The Vancouver Courier’s crack team of journalists collectively writes hundreds of stories every year.
And as 2019 comes to a close, we’re looking back at which stories really got people reading over the last 12 months.
10. Canuck the crow
It wouldn’t be a Vancouver news retrospective without an appearance by the city’s favourite winged celebrity Canuck the crow.
Canuck made quite a bit of news over the last 12 months with his untimely disappearance back in the summer: he was last seen in his East Van ‘hood on Aug. 30, fans quickly banded together and donated $10,000 for a reward, there were unconfirmed sightings of a bird that resembled Canuck popping up in Yaletown and a Craigslist post, which has since been taken down, that claimed to have found Canuck’s body.
However, it was Kudos and Kvetches’ missive on how Vancouverites will react when Canuck is no longer of this world that really struck a nerve…
9. Vancouver ridings to watch in the federal election
Ahead of this fall’s federal election, veteran political reporter Mike Howell broke down Vancouver’s ridings, and stories, to watch.
If there was one storyline Vancouver, and the nation, was watching closely on election night it had to be the saga of Jody Wilson-Raybould and whether or not she would retain her seat in Vancouver-Granville after getting ousted from the Liberal party and running as an independent.
8. New condos at Oakridge Centre don’t come cheap
* This story was actually posted online in December 2018 but some stories have staying power, and this one continued to attract readers throughout 2019.
A sales sheet posted on social media in late 2018 showed prices for market condos in a pair of towers being built as part of the Oakridge Centre redevelopment started at more than $800,000 and soared as high as $4.3 to $5.7 million.
7. Downtown Eastside shooting spree
After three people were shot in the span of just 15 hours back in September, Vancouver police said a gang war was proliferating in the city’s Downtown Eastside with both new and long-established gangs preying upon residents of the neighbourhood and the Oppenheimer Park encampment.
6. One neighbourhood’s traffic nightmare
Residents in a pocket of Southeast Vancouver raised the alarm after years of calling for help to address traffic and transit issues in their neighbourhood.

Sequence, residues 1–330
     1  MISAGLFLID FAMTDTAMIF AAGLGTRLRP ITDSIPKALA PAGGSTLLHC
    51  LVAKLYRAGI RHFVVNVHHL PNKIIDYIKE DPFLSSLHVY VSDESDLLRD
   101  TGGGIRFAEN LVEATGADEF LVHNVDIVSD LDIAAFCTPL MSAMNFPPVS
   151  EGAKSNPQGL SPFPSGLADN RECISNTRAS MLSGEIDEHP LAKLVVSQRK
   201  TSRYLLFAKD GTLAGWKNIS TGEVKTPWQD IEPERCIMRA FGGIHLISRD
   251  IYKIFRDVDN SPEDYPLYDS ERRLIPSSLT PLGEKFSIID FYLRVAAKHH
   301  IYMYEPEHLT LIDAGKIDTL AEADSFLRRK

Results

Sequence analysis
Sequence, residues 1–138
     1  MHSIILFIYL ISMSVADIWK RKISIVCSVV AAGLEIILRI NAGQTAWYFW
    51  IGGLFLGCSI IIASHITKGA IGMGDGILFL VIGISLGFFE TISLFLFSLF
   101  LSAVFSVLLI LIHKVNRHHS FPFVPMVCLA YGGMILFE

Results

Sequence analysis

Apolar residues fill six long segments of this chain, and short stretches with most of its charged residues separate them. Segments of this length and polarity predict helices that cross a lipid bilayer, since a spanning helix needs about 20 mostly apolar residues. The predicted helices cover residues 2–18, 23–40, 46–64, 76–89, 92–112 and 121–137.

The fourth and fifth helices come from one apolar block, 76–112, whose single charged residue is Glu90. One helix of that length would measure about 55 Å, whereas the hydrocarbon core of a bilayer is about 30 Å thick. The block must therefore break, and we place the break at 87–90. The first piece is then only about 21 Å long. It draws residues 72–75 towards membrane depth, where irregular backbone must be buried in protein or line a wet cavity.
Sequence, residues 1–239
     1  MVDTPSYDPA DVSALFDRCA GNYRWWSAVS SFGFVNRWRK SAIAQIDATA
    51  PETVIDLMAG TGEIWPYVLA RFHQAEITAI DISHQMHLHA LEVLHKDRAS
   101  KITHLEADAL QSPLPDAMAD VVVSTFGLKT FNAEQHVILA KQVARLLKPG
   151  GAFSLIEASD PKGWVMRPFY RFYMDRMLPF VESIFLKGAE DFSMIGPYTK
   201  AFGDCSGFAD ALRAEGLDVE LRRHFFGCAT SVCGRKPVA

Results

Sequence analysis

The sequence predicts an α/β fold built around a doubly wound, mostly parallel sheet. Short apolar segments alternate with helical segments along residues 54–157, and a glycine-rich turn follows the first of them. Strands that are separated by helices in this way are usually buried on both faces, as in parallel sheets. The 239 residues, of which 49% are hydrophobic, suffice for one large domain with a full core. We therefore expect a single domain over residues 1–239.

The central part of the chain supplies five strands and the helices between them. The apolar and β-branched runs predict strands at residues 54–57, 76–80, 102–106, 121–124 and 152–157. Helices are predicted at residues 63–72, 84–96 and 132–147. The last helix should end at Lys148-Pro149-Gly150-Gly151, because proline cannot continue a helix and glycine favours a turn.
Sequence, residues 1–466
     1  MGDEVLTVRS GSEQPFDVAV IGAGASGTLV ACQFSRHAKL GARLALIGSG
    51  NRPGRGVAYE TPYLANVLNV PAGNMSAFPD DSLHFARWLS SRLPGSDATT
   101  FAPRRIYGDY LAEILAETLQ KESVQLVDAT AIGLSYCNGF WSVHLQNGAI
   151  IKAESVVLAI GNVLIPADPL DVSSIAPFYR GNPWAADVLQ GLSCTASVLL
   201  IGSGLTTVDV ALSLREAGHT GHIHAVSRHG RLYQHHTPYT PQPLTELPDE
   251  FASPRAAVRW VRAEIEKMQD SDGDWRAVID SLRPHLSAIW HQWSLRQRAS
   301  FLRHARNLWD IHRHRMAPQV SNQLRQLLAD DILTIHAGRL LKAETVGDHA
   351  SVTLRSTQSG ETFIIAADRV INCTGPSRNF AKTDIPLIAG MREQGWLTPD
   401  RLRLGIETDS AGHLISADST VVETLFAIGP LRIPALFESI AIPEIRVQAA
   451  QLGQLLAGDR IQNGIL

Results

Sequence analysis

People living in Tugboat Landing, a small community in Fraserview at the intersection of East Kent Avenue South and Victoria Drive, say on some mornings they can’t get out of their driveways because of a build-up of traffic. Just crossing the street has become a challenge as impatient drivers speed through the neighbourhood.
5. Raving for a reason
Vancouver billionaire Chip Wilson was back in the news in August for all the wrong reasons as dozens of artists, creatives, activists, small business owners and their supporters staged an afternoon “rave against renovictions” outside his Point Grey mansion.
The group was protesting a “crisis of renovictions” and a dwindling number of DIY spaces — independent, artist-run studios, music venues and collective exhibition spaces — in the city and targeted Wilson because, they said, more than 18 different spaces have been renovicted from properties owned by his company, Low Tide Properties, in the last two years.
4. Businesses in trouble on South Granville
A number of small, locally-owned businesses — including Ouisi Bistro and women’s clothing store Plum, both of which closed in October, and West Restaurant, which will close on New Year’s Eve — are moving out of one of the city’s marquee commercial districts citing high property taxes, labour costs and exorbitant leases.
3. How do you explain Vancouver’s Downtown Eastside to tourists?
Over the course of several weeks, a Courier investigation looked at ongoing issues in the city’s Downtown Eastside, which many say is worse than it’s ever been, and the effect it has on tourism and businesses.
2. Federal election candidates
It’s certainly not sexy, but part of the Courier’s role is to provide readers with news they can use, which brings us to our second most-read story of the year — our guide to all the candidates running in Vancouver in the federal election.
And the Courier story that got the most views on our website in 2019 is….
1. Whatever happened to “Penis Satan”?
On Sept. 9, 2014, commuters in East Van woke up to a bright red satanic statue placed one block north of Clark Drive and Great Northern Way. The bright red, fibreglass statue of Satan, stood seven-feet-tall, brandishing the devil’s horns salute and sporting a hard-to-ignore erection.
The guerilla art piece removed by city crews within two days, but speculation around the mysterious sculpture continued as the story made international headlines.
Five years later, reporter John Kurucz tracked down the statue’s creator, who had managed to keep his identity a secret.